When I played the piano with a choir in Buffalo, the kids had a favorite song.  The words were, "In the silence of the garden, Jesus knelt to pray.  He said, 'heavenly Father not my will but yours be done this day.'"


Wednesday, November 10, 2010

The Fall... Into Lonliness

I've often said how John Blase's words speak to me.  His words often have the power to make me catch my breath. Like today.

Read today's post yourself (http://thedirtyshame.blogspot.com/).  He writes of how Adam and Eve descend not into sin alone, but also into "lonely."

I love how he breaks the word into parts:  "a word defined largely by its sound, the long O creating a moan leading into the n allowing you to rock on it a moment before tipping into ly and then it drifts away."

He's so RIGHT.  Sin makes us lonely (hear that moan?).  We sink further and further into lies and deceit to keep our sin... well, to keep it secret.  We cut off ties with those who expect us to account, who would hold us to a standard of right, who shame us in our sin. 

And then one day, the Light pierces the darkness.  Today it comes in the words from Jamie The Very Worst Missionary.  She writes about the Big O, obedience, and how being obedient to the Word is worth the effort.  Read this excerpt:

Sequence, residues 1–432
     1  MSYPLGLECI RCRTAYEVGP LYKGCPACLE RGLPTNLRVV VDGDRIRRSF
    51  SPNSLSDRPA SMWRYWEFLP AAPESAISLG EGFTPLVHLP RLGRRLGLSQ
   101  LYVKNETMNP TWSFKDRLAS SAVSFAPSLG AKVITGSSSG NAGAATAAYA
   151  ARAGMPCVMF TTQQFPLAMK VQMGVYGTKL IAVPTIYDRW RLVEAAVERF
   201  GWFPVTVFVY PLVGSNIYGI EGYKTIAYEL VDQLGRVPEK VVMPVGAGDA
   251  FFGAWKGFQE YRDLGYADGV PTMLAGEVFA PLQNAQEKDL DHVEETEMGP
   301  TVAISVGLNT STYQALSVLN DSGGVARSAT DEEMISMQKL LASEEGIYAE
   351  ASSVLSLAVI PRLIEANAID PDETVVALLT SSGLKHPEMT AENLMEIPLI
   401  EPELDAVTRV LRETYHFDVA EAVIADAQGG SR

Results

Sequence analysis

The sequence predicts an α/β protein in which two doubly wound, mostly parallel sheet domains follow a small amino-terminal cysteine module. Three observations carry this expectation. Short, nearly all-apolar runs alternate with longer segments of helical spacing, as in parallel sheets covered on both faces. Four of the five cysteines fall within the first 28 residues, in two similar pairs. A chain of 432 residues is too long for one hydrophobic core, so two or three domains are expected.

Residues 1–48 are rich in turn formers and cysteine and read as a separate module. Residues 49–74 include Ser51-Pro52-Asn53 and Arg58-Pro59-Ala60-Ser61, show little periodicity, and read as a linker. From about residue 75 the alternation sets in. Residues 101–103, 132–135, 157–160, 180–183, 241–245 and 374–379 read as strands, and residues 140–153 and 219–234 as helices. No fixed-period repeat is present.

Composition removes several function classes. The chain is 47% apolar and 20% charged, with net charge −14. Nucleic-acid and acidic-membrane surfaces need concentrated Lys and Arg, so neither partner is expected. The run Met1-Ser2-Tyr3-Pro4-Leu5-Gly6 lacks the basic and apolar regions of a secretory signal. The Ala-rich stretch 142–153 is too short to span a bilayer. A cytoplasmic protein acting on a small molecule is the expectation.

But you can’t have it both ways. If your goal is Obedience, you can’t phone it in. If you think you can just show up on Sunday morning and stick your hands in the air during the third song, you’re wrong. That’s faking it. If you think you can simply waltz into Bible Study with a tray of double-chocolate-chunk-brownies, you’re faking it – and you are good! but still, faking it. If you think you can put on a lusty voice and say all the right words during corporate prayer, you are so faking it. And yeah, that might get you by for a little while. It might even please the people you fake it for. But in the end, your shallow faith will leave you feeling fragile and insecure. You’ll end up wearing a thin fa├žade of Christian-ness that isn’t worth its weight...